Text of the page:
3) In addition to the complexities of biology and nervous systems that we share with many other species, humans uniquely, as far as we know, also participate in an additional level of complexity associated with cultural evolution.
Such a concise unification of science and spirituality may be what is required to make Einstein’s Enlightenment accessible to greater numbers. Later I will develop this scientific framework to explain the universal reach of these three principles. However my greatest hope is that others may offer a more compelling vision of Einstein’s Enlightenment.
be clear, I am using ‘enlightenment’ in a very strong sense similar to the
state which Buddha experienced and claimed as the true understanding of
reality. In several of his writing Einstein describes his subjective experience,
for instance in a 1939 letter to the Queen Mother of Belgium (10):
Still, there are moments when one feels free from one's own identification with human limitations and inadequacies. At such moments, one imagines that one stands on some spot of a small planet, gazing in amazement at the cold yet profoundly moving beauty of the eternal, the unfathomable: life and death flow into one, and there is neither evolution nor destiny; only being.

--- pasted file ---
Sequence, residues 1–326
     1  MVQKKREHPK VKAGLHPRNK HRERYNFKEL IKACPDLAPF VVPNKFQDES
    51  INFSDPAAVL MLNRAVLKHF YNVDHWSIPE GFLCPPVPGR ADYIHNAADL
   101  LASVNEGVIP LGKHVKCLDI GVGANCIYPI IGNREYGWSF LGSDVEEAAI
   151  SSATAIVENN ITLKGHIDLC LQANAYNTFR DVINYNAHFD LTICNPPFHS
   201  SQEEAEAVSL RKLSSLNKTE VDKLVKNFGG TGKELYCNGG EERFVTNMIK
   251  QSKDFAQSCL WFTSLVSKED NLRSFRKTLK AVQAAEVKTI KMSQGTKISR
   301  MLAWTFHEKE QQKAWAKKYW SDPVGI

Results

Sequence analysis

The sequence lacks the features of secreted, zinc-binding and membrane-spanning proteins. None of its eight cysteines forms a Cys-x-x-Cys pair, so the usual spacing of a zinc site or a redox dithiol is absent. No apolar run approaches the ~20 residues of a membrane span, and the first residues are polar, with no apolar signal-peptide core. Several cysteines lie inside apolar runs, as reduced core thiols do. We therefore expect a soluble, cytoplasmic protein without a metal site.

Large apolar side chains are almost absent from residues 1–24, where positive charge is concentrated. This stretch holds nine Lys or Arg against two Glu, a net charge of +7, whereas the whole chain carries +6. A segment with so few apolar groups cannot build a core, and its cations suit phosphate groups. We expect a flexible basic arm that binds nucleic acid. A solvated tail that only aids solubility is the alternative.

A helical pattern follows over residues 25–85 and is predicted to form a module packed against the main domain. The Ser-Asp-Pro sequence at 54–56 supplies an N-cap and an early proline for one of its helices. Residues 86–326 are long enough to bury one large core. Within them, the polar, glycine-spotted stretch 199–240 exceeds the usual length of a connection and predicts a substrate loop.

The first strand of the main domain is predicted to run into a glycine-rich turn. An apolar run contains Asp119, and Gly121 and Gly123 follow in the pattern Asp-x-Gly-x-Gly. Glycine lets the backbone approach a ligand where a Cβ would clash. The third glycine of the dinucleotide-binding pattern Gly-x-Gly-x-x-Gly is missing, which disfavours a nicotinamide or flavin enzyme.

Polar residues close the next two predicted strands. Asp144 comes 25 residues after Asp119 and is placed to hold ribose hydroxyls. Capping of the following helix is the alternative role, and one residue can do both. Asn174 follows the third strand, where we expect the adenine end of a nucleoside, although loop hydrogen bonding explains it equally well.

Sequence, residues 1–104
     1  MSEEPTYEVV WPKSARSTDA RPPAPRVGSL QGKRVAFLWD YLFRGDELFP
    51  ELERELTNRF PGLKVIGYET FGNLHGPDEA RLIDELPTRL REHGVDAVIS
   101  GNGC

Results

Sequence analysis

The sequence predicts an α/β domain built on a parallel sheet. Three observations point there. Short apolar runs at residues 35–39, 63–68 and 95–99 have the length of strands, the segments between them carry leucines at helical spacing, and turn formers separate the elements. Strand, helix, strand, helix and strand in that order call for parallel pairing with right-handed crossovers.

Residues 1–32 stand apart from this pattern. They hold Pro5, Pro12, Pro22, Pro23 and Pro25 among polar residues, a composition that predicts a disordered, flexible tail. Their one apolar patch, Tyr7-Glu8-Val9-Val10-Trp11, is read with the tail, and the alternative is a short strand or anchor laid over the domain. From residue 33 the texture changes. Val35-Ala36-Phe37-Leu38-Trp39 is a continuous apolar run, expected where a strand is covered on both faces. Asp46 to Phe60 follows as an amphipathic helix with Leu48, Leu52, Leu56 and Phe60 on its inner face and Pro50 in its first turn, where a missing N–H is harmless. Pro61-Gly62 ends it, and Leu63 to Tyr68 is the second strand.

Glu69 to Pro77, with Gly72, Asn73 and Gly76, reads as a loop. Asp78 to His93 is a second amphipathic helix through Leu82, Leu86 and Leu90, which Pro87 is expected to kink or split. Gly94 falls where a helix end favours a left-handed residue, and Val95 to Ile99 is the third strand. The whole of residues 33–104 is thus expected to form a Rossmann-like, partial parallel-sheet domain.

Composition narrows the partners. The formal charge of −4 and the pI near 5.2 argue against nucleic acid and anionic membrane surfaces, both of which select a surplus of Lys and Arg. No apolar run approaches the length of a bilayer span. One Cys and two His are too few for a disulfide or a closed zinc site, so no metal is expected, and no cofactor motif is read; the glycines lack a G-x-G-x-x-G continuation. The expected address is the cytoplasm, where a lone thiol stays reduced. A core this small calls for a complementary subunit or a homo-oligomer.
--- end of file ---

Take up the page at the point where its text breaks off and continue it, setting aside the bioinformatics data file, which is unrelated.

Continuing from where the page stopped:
Although Einstein beautifully describes this experience he does not provide any supporting scientific understanding. Perhaps he was thinking of his theory of general relativity whose solutions describe the entire history of the universe as a timeless entity. However we can conjecture that it is his general feelings of beauty and awe concerning scientific understanding and not the details which support his insight. Fortunately since his time a great deal of research has resulted in new knowledge that provides greater clarity.
My own depiction of this vision describes an all-knowing, all-powerful creator permeating reality and describes ourselves as the ‘highest’ or at least the most complex of its known creations. However this creator is not a God in our own image, rather it is a creative process well known to science; it is the Darwinian process.
A largely unnoticed scientific revolution has occurred over the past fifty years. It is not a revolution that occurred in a single branch of science but one that has swept across many fields of science. The Darwinian process has been used to scientifically explain the creation and evolution of most levels of reality including: the cosmos (10), quantum physics (11), biology (12), neuroscience (13) and culture (14).